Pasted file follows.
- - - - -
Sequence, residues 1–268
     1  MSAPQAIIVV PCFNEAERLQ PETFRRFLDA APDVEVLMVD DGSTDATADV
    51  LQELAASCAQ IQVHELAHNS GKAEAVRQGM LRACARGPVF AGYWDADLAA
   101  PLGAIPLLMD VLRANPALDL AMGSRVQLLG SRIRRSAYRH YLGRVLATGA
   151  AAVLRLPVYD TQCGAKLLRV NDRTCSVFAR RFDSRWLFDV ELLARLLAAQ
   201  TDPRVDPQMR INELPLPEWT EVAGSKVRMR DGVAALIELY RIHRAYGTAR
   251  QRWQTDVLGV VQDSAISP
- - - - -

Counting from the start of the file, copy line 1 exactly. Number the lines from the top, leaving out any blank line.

Sequence, residues 1–268